But during his prime seasons from 2007-10, Scott batted .264/.348/.499 with yearly averages of 23 HRs and 70 RBI, solid numbers for his position.
His history of back problems makes him a prime candidate to be a designated hitter, so American League teams like the Los Angeles Angels or New York Yankees make sense as possible destinations. A club in need of a left-handed power bat would be wise to offer Scott a low-risk, incentive-laden deal.
Jayson Nix, 2B
Second base is one position on the free-agent market where the available group has been tapped heavily already this offseason.
Among the remaining candidates is infielder Jayson Nix, who could be a very valuable utility guy in 2014. Nix has been something of a journeyman, playing for five MLB teams in six seasons. He spent the past two seasons in pinstripes with the New York Yankees.
His upside is limited at this point, but Nix hit 26 combined homers in 2009 and 2010 and has since been a bench player. The 31-year-old can play second base, third base, shortstop and even outfield and should have no problem finding work this winter.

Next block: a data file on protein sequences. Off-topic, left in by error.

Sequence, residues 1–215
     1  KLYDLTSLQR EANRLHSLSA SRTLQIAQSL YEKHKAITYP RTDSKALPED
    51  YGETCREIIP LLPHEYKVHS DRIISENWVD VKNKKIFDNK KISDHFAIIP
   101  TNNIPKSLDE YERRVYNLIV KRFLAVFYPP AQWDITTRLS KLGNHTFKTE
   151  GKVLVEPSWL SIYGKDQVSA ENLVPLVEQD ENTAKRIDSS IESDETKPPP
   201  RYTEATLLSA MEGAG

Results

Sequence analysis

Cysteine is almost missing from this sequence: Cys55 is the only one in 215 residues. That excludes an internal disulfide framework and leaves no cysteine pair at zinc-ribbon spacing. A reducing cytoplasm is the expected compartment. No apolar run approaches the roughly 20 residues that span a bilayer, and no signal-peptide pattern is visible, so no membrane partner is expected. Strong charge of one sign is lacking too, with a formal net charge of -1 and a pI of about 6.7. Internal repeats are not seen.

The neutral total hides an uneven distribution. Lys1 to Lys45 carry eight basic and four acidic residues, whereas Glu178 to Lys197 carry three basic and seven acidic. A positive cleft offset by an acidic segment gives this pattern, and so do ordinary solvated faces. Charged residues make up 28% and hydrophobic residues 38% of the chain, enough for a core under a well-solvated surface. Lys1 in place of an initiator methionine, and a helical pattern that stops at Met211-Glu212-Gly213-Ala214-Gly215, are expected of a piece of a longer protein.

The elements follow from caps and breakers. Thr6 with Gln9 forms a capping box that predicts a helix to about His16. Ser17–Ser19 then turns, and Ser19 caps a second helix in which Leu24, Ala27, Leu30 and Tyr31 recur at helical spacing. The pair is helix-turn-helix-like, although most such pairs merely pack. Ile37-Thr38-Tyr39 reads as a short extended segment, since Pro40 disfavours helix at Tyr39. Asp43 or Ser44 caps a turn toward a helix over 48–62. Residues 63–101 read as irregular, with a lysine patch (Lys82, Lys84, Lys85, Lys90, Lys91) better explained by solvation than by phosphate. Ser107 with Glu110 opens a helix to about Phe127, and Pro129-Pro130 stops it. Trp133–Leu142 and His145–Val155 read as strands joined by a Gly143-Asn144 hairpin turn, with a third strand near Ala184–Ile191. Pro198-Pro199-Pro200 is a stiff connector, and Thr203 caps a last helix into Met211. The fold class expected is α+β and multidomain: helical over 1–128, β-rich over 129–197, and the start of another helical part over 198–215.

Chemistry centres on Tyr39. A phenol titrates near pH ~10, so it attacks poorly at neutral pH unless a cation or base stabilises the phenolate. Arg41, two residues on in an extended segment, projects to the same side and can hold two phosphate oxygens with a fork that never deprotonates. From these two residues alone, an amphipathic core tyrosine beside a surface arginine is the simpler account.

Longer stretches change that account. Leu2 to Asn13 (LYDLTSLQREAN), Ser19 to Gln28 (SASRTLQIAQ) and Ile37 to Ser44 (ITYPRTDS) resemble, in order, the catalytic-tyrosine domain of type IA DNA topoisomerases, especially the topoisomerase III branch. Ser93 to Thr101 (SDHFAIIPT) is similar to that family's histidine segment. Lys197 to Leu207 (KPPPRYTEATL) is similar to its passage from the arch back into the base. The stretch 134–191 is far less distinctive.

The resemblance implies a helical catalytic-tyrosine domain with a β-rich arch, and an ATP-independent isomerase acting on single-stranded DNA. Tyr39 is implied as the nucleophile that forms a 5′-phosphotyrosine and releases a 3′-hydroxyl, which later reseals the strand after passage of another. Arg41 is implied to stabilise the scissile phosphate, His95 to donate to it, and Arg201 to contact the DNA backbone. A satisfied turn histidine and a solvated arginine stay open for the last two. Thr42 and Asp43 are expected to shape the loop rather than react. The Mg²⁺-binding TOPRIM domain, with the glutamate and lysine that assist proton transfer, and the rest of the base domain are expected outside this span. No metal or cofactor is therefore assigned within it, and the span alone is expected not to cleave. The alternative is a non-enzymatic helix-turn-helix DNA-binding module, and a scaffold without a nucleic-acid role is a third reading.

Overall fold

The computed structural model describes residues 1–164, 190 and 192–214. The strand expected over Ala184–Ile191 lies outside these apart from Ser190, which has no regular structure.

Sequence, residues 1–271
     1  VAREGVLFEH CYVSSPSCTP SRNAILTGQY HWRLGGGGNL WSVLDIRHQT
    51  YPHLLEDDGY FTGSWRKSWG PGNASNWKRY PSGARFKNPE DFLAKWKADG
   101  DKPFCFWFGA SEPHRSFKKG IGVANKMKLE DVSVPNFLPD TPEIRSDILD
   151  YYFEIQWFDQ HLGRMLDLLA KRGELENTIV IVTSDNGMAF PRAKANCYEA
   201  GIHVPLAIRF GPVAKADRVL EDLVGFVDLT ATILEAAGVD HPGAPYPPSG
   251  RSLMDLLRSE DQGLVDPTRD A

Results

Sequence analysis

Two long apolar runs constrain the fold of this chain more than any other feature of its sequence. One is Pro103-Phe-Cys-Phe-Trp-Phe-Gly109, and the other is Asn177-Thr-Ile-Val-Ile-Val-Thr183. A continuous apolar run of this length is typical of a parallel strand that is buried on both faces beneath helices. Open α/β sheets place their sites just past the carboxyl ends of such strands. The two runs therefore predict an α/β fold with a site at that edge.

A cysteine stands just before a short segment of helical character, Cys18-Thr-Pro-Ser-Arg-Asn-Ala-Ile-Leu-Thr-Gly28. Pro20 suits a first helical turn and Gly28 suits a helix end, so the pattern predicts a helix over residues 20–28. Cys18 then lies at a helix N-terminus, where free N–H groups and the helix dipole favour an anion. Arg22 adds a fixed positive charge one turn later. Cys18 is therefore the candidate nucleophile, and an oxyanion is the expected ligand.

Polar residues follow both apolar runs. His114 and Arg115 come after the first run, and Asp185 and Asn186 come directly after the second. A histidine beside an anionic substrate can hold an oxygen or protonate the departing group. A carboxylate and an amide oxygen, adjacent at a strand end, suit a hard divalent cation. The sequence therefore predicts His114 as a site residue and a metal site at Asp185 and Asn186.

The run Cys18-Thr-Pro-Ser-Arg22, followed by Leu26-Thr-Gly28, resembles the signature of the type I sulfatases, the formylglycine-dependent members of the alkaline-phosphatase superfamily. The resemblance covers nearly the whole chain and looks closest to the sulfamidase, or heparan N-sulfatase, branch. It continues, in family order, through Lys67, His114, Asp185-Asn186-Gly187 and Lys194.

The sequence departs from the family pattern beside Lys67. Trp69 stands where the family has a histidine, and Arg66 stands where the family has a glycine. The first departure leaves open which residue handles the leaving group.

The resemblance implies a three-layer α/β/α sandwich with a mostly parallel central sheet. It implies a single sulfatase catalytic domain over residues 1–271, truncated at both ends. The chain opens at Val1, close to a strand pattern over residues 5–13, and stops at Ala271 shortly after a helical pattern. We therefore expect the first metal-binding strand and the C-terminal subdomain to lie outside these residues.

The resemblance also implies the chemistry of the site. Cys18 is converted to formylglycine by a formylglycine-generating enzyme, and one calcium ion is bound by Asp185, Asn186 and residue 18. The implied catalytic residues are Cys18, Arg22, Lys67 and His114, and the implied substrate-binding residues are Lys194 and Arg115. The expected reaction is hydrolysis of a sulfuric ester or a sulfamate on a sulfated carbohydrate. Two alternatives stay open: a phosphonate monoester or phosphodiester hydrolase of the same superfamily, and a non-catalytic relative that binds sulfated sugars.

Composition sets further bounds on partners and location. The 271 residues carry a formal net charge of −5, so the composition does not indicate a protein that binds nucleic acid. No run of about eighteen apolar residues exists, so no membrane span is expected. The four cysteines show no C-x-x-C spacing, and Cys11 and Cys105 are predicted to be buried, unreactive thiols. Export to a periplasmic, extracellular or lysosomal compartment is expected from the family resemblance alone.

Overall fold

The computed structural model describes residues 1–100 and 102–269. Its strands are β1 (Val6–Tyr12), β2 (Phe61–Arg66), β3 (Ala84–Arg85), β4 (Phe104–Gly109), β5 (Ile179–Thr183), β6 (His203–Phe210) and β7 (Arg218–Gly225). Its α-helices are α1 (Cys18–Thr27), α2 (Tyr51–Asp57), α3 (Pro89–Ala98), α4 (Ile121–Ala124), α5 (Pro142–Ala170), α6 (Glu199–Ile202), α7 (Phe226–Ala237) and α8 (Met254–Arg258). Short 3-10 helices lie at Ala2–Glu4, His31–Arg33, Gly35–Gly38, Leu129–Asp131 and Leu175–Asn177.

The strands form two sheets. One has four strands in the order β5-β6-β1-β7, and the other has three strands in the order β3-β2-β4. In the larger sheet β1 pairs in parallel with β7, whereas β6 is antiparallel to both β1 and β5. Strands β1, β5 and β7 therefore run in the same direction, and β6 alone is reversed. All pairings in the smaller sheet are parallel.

Chris Nelson, 3B
The former 2004 first-round pick took a while to get to the major leagues, but he made his impact felt in 2012.
But after struggling to start 2013 with the Colorado Rockies, Chris Nelson was designated for assignment before spending time with the New York Yankees and finally the Los Angeles Angels to wrap up his season.
In all, he batted just .227/.273/.327 with three homers and 24 RBI in 64 contests, failing to ever establish any momentum with any of his three teams, as he was non-tendered by the Angels and made a free agent.
According to Alden Gonzalez of MLB.com, the 28-year-old Nelson is expected to make $1 million this offseason in his first year of arbitration eligibility, so he wouldn't cost much in 2014.
If Nelson could be anything close to his 2012 form, he would be a steal. Although advanced defensive metrics suggest he struggled in the field, he batted .301/.352/.458 with nine HRs and 53 RBI in 111 games for Colorado that season.
Last year's slow start derailed his season before it even got started, but in today's landscape, $1 million isn't much for a player with Nelson's potential.
Aledmys Diaz, SS
Like catcher Yenier Bello, shortstop Aledmys Diaz is expected to be among this year's crop of Cuban free agents, per Jesse Sanchez of MLB.com.
Sanchez recently spoke to Diaz's agent, Jaime Torres, who had this to say about Cuba's talent pool: